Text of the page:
More than 80% of all citizens killed by police in Colorado from 2014 through the end of last year were armed, usually with a gun. Eighty-six percent were high on drugs or alcohol, with methamphetamine showing up in an astonishing 44% of total cases.
Colorado Public Radio reporters, who compiled those statistics, noted how meth, in particular, “dramatically increases your chances of being killed in an encounter with police. . . The reason seems clear in reviewing the prosecutors’ investigations. In most of Colorado’s meth and gun cases in the past six years, hypercharged and delusional suspects left officers with little choice but to shoot to protect themselves or the public.”
It’s tough to be a cop, and even harder to be a cop who makes all the right split-second decisions when confronting defiant suspects, especially when it is entirely reasonable to fear they are armed. Perhaps this should go without saying, except in recent days it hasn’t.
Instead, a growing chorus condemns police in sweeping terms, accusing them of being pervasively racist and even an “extremist violent group,” demanding that departments be sharply cut back and cops kicked out of schools, and suggesting the priority of catching criminals may need to be displaced.
“I’m 100% committed to imagining a future without police,” said Denver Councilwoman Robin Kniech.
Even Denver’s public safety chief, Murphy Robinson, got into the act, offering the following gibberish to The Denver Post: “I would refocus a police officer’s job from the ultimate purpose of jailing people to how do we utilize them in a capacity to bring life to someone.”
To his credit, Mayor Michael Hancock has kept his head, swatting back a question about possible defunding by asking “who are you going to call” when you are physically threatened “if we don’t have the right complement of law enforcement?”
Notably, the CPR database revealed that “48% of those shot by police in Colorado over six years were white, 11% were black and 36% were Latino…Colorado’s population is 68% white, 4% black and 22% Latino.” So people of color shot by police “are overrepresented compared to the state’s population — but not compared to those already inside the criminal justice system. The racial breakdown among inmates in the state Department of Corrections is 46% white, 18% black and 32% Hispanic.”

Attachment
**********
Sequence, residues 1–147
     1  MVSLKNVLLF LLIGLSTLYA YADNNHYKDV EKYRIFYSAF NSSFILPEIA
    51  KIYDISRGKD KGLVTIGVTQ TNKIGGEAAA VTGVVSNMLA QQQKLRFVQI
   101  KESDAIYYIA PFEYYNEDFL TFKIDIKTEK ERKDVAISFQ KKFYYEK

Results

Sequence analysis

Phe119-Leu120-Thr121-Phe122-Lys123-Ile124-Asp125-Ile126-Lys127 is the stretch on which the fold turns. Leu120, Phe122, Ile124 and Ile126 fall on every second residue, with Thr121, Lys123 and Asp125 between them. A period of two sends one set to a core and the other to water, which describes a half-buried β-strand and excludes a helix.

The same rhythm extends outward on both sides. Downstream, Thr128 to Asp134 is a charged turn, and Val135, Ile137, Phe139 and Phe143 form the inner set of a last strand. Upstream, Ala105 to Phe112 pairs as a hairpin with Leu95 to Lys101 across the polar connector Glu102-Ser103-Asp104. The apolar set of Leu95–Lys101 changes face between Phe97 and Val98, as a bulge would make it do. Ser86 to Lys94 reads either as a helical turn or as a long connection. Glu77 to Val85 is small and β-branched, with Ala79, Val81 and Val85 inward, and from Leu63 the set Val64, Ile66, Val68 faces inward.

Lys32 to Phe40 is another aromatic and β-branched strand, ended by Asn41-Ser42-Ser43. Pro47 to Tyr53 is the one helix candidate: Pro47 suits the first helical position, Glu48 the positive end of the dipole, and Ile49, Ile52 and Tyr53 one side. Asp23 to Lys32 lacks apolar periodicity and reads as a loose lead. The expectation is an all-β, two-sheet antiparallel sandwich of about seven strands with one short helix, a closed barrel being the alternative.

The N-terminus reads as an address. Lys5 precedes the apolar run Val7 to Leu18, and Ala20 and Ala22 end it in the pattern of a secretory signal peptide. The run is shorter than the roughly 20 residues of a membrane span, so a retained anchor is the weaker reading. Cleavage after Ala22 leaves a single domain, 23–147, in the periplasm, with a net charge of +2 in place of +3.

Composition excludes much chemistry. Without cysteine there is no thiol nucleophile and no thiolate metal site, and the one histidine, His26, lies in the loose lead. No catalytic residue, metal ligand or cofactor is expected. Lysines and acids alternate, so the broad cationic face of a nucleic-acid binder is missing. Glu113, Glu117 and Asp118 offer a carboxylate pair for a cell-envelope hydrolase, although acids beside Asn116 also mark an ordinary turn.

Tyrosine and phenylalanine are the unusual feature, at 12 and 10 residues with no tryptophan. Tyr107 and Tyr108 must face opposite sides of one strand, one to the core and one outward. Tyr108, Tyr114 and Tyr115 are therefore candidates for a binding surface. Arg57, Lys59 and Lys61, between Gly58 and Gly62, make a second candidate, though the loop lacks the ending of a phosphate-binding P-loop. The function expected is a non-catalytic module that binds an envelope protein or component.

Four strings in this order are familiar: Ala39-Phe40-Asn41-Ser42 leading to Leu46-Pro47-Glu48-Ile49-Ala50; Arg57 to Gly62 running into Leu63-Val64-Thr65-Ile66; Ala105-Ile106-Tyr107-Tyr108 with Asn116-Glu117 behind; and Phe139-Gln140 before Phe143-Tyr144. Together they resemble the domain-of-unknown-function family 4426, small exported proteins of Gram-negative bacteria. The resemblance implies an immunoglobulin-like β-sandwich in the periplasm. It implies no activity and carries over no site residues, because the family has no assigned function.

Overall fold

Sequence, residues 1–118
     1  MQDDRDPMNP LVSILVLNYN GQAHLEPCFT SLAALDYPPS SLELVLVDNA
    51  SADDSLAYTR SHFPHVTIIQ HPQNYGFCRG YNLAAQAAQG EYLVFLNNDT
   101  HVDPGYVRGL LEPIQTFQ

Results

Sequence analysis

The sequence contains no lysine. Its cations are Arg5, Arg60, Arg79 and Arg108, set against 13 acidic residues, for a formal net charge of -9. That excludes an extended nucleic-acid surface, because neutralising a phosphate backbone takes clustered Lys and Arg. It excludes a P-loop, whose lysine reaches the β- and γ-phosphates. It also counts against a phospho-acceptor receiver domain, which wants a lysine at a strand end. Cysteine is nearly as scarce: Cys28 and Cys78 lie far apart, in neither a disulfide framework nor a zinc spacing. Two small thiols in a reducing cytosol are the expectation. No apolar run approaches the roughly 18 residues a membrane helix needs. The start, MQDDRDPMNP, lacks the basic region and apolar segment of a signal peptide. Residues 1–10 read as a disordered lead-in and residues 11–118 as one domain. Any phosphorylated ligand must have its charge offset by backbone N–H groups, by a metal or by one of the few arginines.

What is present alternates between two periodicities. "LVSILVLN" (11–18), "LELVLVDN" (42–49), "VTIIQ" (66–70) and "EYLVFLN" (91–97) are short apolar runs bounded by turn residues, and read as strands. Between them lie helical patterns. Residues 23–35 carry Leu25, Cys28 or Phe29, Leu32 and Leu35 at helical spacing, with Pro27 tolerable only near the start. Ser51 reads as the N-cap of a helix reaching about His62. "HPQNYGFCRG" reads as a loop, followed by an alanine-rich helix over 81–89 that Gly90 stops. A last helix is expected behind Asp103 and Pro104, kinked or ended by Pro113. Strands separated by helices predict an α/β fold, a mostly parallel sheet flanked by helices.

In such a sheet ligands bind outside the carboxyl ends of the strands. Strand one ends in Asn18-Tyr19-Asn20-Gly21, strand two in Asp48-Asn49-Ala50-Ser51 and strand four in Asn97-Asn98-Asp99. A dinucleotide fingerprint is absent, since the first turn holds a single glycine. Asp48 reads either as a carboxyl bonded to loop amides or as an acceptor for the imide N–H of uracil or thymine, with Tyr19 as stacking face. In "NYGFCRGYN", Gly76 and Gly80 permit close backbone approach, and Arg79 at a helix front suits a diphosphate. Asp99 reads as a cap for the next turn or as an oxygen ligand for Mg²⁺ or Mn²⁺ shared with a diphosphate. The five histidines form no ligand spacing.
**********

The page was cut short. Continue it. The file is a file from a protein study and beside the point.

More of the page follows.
Perhaps, as some argue, heavier policing in minority neighborhoods and longer average sentences account for part of the disparity. But there is little doubt that a greater incidence of violent crime afflicts black communities. For example, the FBI reports that in 2018, “of the murder victims for whom race was known, 53.3% were Black or African American,” and “when the race of the offender was known,” more than half were black, too.
You can’t expect data on violent encounters with police to mirror the ethnic breakdown of the larger population so long as cops are being called more frequently into some neighborhoods than others. That too ought to go without saying.
To be sure, the grotesque killing of George Floyd in Minneapolis did not involve a serious crime. Nor have several other notorious cases, such as that of Eric Garner in New York City in 2014. Such incidents shock the conscience, but in statistical terms they are outliers, despite what many voices now want us to believe.
This is awkward. For decades I’ve supported efforts to curtail police brutality and instill accountability. My editorials as opinion page editor of The Rocky Mountain News and later The Denver Post pushed for a ban on police shooting blindly into vehicles, restrictions on hot pursuit, adoption of body cameras and prompt release of video, deployment of non-lethal weapons, creation of a civilian agency in Denver to monitor police conduct, an end to military-type vehicles for police, and more.
When safety manager Al LaCabe in 2007 moved to make lying by police a serious disciplinary matter in the face of union resistance, I argued that, “Just because Denver went more than 100 years without firing premeditated liars in its police force doesn’t mean the policy is sacrosanct.”
And when Denver Civil Service officers made a habit of reversing punishment for unsavory officers, my editorials ridiculed their reasoning and called for revamping commission rules.
For that matter, I supported the amended legislative reform bill prompted by the killing of Floyd. I am not tardy to this issue.
But that doesn’t mean I have to buy into today’s simplistic pieties that cops, as a rule, are bigoted and brutal, that nothing has changed in 40 years and that it’s easy to identify suspects who pose little threat. Sometimes it’s hard. Sometimes it’s impossible.
As a result, incidents of apparent excessive force often tend to be ambiguous. And if jurors seem too prone to acquit the few officers who are actually charged, it’s at least partly because they understand that police have to make quick decisions that involve their own safety, and sometimes they make honest, even if tragic, mistakes.
The killing of Floyd is a tragedy triggering useful reform. But it is also spawning poisonous exaggeration that will make a hard job even harder for the many police who no more condone his death than do the rest of us.
Vincent Carroll is the former editorial page editor of both the Rocky Mountain News and The Denver Post, where a version of this column first appeared.
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